The art of Svay Ken

Svay Ken's Khmer Rouge Hospital at the Meta House exhibition
Another of Cambodia's leading painters currently on exhibition at the Meta House's Art of Survival show is Svay Ken, now 75 years old and regarded as the country's foremost contemporary folk artist. Combining oil on canvas with a highly personal style, he documents scenes from everyday life as well as past, often traumatizing, experiences. Although painting was a tradition in his family, he is completely self-taught, having spontaneously begun to paint in 1993, the year Cambodia emerged from more than two decades of dark social turmoil – and the year he returned to his job as a waiter at the Hotel Le Royal, where he first began to work in 1955. His subject matter, always filled with people, includes individual and group portraits as well as scenes from the 1970s recalling the dislocations of the civil war and life during the murderous Khmer Rouge period. One such painting is this offering to the exhibition of a Khmer Rouge Hospital scene. You can find out more about Svay Ken in his book, Painted Stories, which tells the story of his family from 1941 to the present time in paintings and narrative.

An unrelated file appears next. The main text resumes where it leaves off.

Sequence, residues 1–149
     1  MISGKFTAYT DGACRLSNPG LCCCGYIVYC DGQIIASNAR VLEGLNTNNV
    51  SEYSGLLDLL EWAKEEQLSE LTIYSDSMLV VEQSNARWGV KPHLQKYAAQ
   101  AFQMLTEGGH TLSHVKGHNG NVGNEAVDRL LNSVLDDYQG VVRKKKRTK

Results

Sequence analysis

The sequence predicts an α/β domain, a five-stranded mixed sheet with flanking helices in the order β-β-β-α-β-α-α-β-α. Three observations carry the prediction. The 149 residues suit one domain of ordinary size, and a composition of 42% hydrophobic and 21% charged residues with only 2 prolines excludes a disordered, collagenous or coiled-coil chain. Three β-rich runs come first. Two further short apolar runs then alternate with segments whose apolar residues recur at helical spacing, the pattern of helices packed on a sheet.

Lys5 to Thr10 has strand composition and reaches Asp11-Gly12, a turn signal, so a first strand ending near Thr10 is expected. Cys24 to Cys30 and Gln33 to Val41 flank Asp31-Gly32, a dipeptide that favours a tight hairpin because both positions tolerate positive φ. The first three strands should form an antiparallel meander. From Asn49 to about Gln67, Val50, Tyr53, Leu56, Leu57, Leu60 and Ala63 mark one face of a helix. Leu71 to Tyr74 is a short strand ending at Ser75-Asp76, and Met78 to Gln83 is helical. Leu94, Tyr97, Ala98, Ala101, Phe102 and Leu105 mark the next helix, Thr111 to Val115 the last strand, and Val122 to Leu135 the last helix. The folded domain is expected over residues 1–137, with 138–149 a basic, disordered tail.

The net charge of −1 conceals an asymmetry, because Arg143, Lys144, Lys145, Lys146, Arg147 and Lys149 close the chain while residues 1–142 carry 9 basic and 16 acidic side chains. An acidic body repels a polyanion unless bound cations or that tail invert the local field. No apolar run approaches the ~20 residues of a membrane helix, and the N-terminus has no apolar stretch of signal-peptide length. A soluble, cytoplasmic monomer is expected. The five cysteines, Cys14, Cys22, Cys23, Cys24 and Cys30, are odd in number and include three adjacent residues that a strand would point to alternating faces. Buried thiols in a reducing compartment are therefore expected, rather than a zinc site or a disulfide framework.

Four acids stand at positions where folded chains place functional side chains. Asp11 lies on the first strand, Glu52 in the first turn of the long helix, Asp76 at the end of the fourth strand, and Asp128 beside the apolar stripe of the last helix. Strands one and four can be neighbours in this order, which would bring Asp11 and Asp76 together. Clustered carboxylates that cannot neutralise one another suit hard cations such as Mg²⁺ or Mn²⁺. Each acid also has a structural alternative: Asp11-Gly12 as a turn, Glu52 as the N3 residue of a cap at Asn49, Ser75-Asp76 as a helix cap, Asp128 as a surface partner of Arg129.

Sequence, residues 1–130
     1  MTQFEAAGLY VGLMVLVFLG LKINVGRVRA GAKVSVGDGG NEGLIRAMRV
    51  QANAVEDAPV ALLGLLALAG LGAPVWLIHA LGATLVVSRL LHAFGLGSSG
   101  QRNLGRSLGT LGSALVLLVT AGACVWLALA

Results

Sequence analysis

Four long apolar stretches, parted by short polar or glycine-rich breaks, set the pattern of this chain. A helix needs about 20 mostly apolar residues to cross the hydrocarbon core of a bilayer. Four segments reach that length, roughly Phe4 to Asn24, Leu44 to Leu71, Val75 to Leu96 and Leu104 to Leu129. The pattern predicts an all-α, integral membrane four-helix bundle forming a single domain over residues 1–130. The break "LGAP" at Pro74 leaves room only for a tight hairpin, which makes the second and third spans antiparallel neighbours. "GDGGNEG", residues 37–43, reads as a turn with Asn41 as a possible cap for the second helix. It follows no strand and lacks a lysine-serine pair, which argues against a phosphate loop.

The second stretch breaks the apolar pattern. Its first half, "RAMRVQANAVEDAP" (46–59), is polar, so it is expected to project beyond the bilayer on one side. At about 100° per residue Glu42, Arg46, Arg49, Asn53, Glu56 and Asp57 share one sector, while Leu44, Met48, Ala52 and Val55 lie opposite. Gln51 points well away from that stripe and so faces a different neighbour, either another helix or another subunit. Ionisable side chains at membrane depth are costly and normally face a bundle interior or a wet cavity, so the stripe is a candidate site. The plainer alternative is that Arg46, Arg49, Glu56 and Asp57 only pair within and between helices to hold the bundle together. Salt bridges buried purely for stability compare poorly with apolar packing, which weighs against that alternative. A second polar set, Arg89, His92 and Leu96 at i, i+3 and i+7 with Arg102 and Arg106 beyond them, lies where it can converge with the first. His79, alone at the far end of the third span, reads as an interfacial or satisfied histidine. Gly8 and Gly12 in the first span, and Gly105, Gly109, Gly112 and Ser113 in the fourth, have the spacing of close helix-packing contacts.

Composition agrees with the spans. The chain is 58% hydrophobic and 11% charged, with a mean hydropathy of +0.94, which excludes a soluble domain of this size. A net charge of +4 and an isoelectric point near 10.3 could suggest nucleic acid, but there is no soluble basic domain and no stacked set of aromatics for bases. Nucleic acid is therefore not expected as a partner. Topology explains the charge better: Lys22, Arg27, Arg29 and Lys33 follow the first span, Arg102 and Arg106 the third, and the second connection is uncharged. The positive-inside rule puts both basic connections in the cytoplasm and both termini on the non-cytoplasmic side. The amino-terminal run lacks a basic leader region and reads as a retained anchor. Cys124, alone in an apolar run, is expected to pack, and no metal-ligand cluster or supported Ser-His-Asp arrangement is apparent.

Neak Ta at Phnom Chisor

Neak Ta spirit house at the foot of Phnom Chisor
Continuing my occasional series of interesting Neak Ta spirit houses that I encounter on my travels, here are two from Phnom Chisor. The top one is next to the steps leading to the summit on the northern side of the hill, adjacent to the major stone and slate quarrying taking place at the site. It was quite a large shrine with the two figures inside shrouded in cloth, another one painted on the back wall and some recent offerings. In the lower photo, this spirit house was at the top of the mountain, overlooking the ancient temple that sits on the summit. This time two figures sat under a painted tree on a natural piece of sandstone. I really must get some detailed information on what the figures represent with many of them possessing heavily painted eyebrows, moustaches and small goatee beards. If you know already, let me in on it.
Even though Neak Ta are essentially part of the animist beliefs of Cambodians, they are often found in Buddhist pagodas or located elsewhere in a village where the locals believe their powers and energy force will do most good. The shrines or huts of Neak Ta literally contain anything, natural or man-made. The objects represent the land, water and spirit elements and often house small figures, as seen in these photos. In many instances, I have seen sculpted items taken from ancient temples and statues and worshipped as Neak Ta. If you see a shrine on your travels, take a moment to look in and see what treasures you can find - but please, never disturb the contents or you might face the wrath of the all-powerful Neak Ta spirits.